HE looked at me intensely and said, “Mark, you have a lot of readers. If Pope Francis teaches error, you must break away and lead your flock in truth.”
I was stunned by the clergyman’s words. For one, “my flock” of readers do not belong to me. They (you) are Christ’s possession. And of you, He says:
I myself will look after and tend my sheep. As a shepherd tends his flock when he finds himself among his scattered sheep, so will I tend my sheep. I will rescue them from every place where they were scattered when it was cloudy and dark. (Last Sunday’s Mass reading; Ezekiel 34:11-12)
The Lord is speaking here, both of the diaspora of the Jews beyond Israel, but also, in the greater context, of a time when the sheep of Christ’s Church would be abandoned by their shepherds. A time when the clergy would be mostly silent, cowardly or careerists who defend neither the flock nor the truth, but rather shepherd and guard the status quo. It is a time of apostasy. And according to the popes, we are presently living in that hour:
Who can fail to see that society is at the present time, more than in any past age, suffering from a terrible and deep-rooted malady which, developing every day and eating into its inmost being, is dragging it to destruction? You understand, Venerable Brethren, what this disease is—apostasy from God… —POPE ST. PIUS X, E Supremi, Encyclical On the Restoration of All Things in Christ, n. 3, 5; October 4th, 1903
Apostasy, the loss of the faith, is spreading throughout the world and into the highest levels within the Church. —POPE PAUL VI, Address on the Sixtieth Anniversary of the Fatima Apparitions, October 13, 1977
The third pope to explicitly use the word “apostasy” (which only appears in 2 Thess 2:3 when St. Paul speaks of an “apostasy” directly before the coming of Antichrist) was Pope Francis:
…worldliness is the root of evil and it can lead us to abandon our traditions and negotiate our loyalty to God who is always faithful. This… is called apostasy, which… is a form of “adultery” which takes place when we negotiate the essence of our being: loyalty to the Lord. —POPE FRANCIS from a homily, Vatican Radio, November 18th, 2013
We see this negotiation of truth all about us as Catholic schools, colleges, and universities in the West continue to adopt a politically correct agenda in direct contradiction to Catholic moral teaching. We see this abandonment of our traditions in some bishop’s conferences where novel interpretations of Amoris Laetitia are leading to a kind of Anti-Mercy. And in some countries, like Canada, we see the march of totalitarianism at an alarming pace that is almost entirely uncontested by the Church there, save for the odd Cardinal or bishop bravely denouncing the new quasi-Communism. At stake, on a massive scale, is our loyalty to the Lord.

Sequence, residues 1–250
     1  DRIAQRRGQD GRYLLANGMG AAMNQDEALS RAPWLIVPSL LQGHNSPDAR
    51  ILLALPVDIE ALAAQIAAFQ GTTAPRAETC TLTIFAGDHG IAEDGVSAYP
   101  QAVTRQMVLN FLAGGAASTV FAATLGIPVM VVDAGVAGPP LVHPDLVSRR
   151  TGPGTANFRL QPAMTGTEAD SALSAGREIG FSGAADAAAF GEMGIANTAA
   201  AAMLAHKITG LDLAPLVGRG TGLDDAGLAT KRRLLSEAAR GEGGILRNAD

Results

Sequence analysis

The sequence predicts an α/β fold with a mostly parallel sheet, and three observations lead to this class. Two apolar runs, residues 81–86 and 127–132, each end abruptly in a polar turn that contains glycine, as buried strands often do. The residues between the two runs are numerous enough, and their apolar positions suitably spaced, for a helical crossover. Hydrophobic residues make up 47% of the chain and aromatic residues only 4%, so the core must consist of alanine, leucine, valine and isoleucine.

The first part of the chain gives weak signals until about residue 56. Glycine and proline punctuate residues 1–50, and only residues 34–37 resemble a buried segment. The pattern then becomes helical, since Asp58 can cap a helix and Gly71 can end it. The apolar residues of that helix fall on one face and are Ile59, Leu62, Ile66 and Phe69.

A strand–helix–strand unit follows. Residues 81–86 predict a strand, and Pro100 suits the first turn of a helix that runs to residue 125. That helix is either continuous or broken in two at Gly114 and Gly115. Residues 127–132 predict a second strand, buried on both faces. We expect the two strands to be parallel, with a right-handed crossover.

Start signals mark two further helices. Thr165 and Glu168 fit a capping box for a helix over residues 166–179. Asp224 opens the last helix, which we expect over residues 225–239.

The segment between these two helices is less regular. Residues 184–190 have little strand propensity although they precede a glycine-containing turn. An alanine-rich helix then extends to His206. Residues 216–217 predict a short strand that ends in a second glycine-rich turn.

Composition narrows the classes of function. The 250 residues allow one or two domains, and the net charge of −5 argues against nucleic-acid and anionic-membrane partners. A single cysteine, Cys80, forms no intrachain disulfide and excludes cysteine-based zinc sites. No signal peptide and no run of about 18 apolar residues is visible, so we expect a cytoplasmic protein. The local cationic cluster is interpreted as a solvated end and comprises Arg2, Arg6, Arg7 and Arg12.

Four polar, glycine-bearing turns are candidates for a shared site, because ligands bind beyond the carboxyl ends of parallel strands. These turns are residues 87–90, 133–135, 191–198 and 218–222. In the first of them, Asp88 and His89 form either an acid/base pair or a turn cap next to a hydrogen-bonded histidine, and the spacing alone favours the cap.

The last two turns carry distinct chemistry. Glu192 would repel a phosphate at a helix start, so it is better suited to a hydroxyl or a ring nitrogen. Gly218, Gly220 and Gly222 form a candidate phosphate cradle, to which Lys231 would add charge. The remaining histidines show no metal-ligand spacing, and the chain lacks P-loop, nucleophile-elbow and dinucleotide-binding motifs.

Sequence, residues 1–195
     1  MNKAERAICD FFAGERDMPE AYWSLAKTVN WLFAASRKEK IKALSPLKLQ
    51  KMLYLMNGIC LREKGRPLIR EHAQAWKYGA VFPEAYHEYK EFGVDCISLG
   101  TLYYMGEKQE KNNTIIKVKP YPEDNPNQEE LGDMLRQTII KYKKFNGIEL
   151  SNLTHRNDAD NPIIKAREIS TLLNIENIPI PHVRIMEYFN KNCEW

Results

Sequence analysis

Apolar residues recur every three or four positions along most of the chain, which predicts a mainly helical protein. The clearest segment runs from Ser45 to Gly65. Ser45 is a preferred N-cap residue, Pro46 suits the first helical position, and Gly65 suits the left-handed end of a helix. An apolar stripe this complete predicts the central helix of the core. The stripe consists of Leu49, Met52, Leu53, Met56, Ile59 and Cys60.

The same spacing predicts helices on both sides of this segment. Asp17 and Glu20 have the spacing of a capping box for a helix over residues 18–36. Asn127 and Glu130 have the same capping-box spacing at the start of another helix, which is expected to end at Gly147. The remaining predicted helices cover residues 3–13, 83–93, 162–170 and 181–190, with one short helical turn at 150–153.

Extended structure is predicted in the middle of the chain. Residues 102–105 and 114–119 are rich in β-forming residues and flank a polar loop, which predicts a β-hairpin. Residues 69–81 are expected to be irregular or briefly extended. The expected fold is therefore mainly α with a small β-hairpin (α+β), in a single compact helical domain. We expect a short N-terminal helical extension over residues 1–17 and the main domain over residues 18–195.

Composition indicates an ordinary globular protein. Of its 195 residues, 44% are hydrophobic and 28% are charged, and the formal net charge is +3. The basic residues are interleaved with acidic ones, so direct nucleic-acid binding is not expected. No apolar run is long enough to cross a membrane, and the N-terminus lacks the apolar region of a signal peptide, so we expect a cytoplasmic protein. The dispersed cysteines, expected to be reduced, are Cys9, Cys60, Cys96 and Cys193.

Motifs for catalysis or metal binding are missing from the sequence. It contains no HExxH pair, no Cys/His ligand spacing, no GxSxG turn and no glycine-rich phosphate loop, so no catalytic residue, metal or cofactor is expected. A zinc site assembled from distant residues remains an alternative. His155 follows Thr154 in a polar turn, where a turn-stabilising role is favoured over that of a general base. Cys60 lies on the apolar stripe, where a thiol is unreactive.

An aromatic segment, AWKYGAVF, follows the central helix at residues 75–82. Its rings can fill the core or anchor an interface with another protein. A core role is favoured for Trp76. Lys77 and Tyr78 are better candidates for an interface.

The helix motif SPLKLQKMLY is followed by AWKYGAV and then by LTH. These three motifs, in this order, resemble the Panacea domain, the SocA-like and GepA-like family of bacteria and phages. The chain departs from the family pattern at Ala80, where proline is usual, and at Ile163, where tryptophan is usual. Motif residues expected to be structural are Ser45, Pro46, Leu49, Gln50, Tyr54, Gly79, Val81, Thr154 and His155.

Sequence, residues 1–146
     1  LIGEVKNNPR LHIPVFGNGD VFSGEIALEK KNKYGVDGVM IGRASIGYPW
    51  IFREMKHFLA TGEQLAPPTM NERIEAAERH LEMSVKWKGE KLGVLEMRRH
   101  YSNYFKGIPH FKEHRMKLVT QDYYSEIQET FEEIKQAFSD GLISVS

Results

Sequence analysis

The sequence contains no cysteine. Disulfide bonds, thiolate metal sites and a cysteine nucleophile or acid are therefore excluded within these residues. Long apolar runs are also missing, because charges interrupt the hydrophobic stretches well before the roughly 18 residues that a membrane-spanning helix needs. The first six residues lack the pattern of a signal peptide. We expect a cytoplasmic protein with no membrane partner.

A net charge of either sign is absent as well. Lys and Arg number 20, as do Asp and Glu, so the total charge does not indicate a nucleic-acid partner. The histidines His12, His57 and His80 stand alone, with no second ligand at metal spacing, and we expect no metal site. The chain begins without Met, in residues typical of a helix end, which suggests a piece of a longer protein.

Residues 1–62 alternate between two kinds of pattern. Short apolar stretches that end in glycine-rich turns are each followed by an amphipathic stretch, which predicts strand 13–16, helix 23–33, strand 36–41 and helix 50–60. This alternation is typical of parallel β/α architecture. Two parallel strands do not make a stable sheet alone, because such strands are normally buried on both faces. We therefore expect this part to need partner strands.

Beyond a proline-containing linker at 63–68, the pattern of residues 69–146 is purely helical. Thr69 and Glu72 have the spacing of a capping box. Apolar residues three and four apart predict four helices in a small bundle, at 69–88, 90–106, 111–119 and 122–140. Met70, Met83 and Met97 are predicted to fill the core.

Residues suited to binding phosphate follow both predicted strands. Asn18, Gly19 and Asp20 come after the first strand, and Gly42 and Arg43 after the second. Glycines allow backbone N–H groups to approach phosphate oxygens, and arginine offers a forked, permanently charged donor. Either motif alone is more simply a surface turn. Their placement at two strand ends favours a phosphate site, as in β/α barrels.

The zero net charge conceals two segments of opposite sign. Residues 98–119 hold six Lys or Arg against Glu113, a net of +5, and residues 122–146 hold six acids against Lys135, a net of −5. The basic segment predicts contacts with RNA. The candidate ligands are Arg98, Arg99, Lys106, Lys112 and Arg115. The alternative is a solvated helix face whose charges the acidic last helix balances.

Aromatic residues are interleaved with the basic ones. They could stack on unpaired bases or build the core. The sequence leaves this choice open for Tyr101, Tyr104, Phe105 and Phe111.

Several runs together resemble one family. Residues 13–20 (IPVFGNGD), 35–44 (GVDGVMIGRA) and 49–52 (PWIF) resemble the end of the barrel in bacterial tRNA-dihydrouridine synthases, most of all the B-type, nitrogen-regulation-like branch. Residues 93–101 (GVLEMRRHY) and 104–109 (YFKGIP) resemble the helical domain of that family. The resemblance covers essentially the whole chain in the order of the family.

Satan may adopt the more alarming weapons of deceit—he may hide himself—he may attempt to seduce us in little things, and so to move the Church, not all at once, but by little and little from her true position. I do believe he has done much in this way in the course of the last few centuries… It is his policy to split us up and divide us, to dislodge us gradually from our rock of strength. —Blessed John Henry Newman, Sermon IV: The Persecution of Antichrist
The division within the Church that we are now seeing is not only being fuelled by “progressives” but also “traditionalists” who are becoming increasingly vocal against Pope Francis. In another candid interview, Cardinal Müller, who was removed by Francis as Prefect of the Congregation for the Doctrine of the Faith, said:
There is a front of traditionalist groups, just as there is with the progressivists, that would like to see me as head of a movement against the Pope. But I will never do this…. I believe in the unity of the Church and I will not allow anyone to exploit my negative experiences of these last few months. Church authorities, on the other hand, need to listen to those who have serious questions or justified complaints; not ignoring them, or worse, humiliating them. Otherwise, without desiring it, there can be an increase of the risk of a slow separation that might result in the schism of a part of the Catholic world, disorientated and disillusioned. —Corriere della Sera, Nov. 26, 2017; quote from the Moynihan Letters, #64, Nov. 27th, 2017
Years ago, I stumbled upon the writings of two “sedevacanists” (people who believe the seat of Peter is vacant). They generally see Pope St. Pius X as the last valid pontiff and point to “heresies” and “errors”, especially from the Second Vatican Council, that they claim validate their arguments. I was horrified by what I read. The subtle twist of words; the tainted reasoning; the pulling of phrases out of context. Like the Pharisees of old, they justified their schism with the “letter of the law” and, worse, have drawn countless souls away from the Roman Catholic Church. In them, the words of Pope Benedict particularly ring true:
…today we see it in truly terrifying form: the greatest persecution of the Church does not come from external enemies, but is born of sin within the Church. —POPE BENEDICT XVI, interview on flight to Lisbon, Portugal; LifeSiteNews, May 12th, 2010
I point this out because the spirit, if not the arguments of these schismatics, are beginning to gain traction among some “conservative” Catholics who are increasingly disgruntled with the current papacy.
But here is the point: it is still a valid papacy.
There is no question that the pontificate of Francis is fraught with seeming contradictions and ambiguities. A great many of these, however, are clearly the result of the pontiff being taken out of context, misquoted, or interpreted through a “hermeneutic of suspicion” that automatically twists the meaning of his words.